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NCLB Outrages

Life after Death for Reading First

By Ken Goodman

The Senate appropriations committee has joined the House of Representatives in cutting off funds in the 2009 budget for Reading First. That followed a series of damning reports by the Inspector General showing conflicts of interest in the administration of Reading First that resulted in the 6 billion dollars spent over the last six years enriching avaricious authors and their high handed publishers. The coup de gras came with the report of the federal Institute for Educational Science study that showed no improvement in comprehension for the kids who had the one-size-fits-all reading first program.

Congress has effectively washed its hands of the whole mess. Rep.George Miller said it appeared to be âcooked from the very beginning" and "seemed close to a criminal enterprise.â

But where does that leave states and school districts that are still contracted under a now completely unfunded mandate? No doubt Sec. Spelling will argue they are still bound to keep to the mandates whether funded or not. And the authors and publishers whose blatant greed precipitated the wrath of Congress continue to collect on their misdeeds. They donât care who has to pay them. Though their conflicts have been referred to the Justice Department the Bush administration has shown no sign that actions will follow.

Whether charges follow or not, crimes were committed. The contracts the states signed under Reading First and NCLB were illegally negotiated under pressures which violated the laws themselves. The states and the school districts that got RF funds have every right to stop using and stop paying for the illegally mandated tests and texts.

Now the truth can be acknowledged:. Reading First was an Emperor with No Clothes. The synthetic direct instruction phonics programs that masqueraded as Scientifically Based Reading Research have failed. As Michael Grunwald (2006), said in the Washington Post, "An accumulating mound of evidence from reports, interviews, and program documents suggests that Reading First has had little to do with science or rigor. Instead, the billions have gone to what is effectively a pilot project for untested programs with friends in high places." (October 1, 2006; Page B01)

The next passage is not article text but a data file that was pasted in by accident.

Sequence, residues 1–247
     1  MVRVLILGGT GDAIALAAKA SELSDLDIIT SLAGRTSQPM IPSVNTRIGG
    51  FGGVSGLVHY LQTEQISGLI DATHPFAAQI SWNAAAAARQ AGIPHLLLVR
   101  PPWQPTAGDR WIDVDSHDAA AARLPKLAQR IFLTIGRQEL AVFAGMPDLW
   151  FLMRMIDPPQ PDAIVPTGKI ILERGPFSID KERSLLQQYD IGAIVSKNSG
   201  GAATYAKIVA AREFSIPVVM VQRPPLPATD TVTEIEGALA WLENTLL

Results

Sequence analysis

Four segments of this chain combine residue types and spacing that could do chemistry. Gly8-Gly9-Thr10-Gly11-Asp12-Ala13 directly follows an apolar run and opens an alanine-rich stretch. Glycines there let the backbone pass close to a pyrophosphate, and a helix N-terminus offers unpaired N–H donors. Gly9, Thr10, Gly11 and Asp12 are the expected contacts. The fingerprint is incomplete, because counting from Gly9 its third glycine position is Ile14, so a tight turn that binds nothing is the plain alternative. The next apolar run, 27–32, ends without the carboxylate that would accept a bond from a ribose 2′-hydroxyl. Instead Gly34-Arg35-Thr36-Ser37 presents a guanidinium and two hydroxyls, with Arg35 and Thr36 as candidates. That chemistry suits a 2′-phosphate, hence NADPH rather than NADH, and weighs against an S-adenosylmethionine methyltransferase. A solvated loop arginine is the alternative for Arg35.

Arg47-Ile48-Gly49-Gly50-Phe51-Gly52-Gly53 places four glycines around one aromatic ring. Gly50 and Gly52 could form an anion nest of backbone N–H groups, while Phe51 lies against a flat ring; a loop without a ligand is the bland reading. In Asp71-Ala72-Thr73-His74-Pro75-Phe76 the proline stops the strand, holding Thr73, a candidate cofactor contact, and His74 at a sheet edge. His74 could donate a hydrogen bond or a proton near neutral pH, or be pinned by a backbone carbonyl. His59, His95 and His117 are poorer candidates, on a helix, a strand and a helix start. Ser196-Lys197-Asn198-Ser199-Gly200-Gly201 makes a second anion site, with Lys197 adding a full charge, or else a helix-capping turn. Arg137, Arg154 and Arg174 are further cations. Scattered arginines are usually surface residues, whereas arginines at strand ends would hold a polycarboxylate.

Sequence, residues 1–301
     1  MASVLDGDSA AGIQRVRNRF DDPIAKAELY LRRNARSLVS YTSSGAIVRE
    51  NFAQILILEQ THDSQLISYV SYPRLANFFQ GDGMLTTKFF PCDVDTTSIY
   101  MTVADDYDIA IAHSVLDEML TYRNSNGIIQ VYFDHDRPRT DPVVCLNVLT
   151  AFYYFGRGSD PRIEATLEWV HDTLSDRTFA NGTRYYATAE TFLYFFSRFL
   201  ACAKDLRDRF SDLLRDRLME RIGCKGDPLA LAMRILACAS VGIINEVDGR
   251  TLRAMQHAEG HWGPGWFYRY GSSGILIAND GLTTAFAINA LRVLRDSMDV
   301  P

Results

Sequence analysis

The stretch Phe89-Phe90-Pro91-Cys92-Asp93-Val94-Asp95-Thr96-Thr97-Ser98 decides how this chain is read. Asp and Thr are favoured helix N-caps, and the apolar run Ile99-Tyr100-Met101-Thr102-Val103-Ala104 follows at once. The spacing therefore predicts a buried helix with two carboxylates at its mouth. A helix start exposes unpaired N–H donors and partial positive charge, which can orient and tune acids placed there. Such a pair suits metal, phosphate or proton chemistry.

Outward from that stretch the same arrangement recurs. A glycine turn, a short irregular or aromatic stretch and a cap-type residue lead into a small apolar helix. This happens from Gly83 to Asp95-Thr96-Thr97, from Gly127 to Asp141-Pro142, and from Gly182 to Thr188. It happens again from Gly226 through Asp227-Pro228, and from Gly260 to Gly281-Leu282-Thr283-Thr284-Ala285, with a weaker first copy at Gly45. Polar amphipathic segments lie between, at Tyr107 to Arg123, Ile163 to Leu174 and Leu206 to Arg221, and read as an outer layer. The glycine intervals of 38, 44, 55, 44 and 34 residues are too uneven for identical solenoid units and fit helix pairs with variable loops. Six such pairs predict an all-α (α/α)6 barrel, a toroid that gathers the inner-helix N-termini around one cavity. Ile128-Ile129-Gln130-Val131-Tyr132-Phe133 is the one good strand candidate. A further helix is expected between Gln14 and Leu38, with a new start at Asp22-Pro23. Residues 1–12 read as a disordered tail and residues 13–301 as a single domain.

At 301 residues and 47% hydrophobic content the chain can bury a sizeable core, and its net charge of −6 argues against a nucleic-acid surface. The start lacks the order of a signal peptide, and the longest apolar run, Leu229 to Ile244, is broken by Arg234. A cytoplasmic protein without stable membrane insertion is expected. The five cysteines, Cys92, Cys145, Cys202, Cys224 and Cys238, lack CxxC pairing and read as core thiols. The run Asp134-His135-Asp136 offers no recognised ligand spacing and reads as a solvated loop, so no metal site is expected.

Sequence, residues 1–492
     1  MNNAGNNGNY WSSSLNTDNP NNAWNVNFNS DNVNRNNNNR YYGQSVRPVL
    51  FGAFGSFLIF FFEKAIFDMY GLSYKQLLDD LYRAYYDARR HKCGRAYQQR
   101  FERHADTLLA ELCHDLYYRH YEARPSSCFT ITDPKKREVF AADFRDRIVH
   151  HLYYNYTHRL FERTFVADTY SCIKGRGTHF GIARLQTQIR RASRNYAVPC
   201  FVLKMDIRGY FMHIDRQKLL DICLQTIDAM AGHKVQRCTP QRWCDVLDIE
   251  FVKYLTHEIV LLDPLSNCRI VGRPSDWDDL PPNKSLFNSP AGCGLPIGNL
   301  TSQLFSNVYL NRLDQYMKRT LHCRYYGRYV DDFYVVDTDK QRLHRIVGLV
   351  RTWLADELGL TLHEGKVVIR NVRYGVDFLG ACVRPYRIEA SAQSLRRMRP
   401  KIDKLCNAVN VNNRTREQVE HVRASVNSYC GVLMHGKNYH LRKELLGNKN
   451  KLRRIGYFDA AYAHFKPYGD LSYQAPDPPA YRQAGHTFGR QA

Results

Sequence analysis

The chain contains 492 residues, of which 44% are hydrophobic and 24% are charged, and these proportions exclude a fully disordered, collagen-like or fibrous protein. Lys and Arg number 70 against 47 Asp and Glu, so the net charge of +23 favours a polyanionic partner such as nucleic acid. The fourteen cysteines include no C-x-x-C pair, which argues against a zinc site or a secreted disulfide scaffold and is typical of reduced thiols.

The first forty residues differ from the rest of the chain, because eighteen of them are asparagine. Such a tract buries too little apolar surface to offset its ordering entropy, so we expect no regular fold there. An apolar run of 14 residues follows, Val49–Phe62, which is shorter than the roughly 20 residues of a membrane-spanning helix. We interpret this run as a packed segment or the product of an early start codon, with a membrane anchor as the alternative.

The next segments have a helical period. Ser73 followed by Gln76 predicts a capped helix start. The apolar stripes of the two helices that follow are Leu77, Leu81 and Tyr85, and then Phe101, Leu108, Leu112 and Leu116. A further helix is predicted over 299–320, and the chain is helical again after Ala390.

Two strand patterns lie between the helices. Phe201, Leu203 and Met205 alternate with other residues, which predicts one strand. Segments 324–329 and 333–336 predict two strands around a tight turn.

None of the mandated programs and tests could have survived review by any state or local review committee if they hadnât been endowed by their creators with SBRR and thus avoided such review.

Certainly, DIBELS, âthe worst thing to happen to reading since flash cardsâ (Pearson, 2007) could never have achieved its reign of terror over millions of 5 to 8 year olds if it had had to pass professional review.

Now the teachers who were cowed into silence can loudly say âwe knew RF couldnât workâ
Unless state and Lea officials declare that their RF and NCLB contracts are null and void, the profiteers will go on collecting for their misdeeds and kids and teachers will continue to suffer.

Then it will be up to a new Congress and a new President to undo the harm that continues to be done.

— Ken Goodman
The Pulse: Education's Place for Debate


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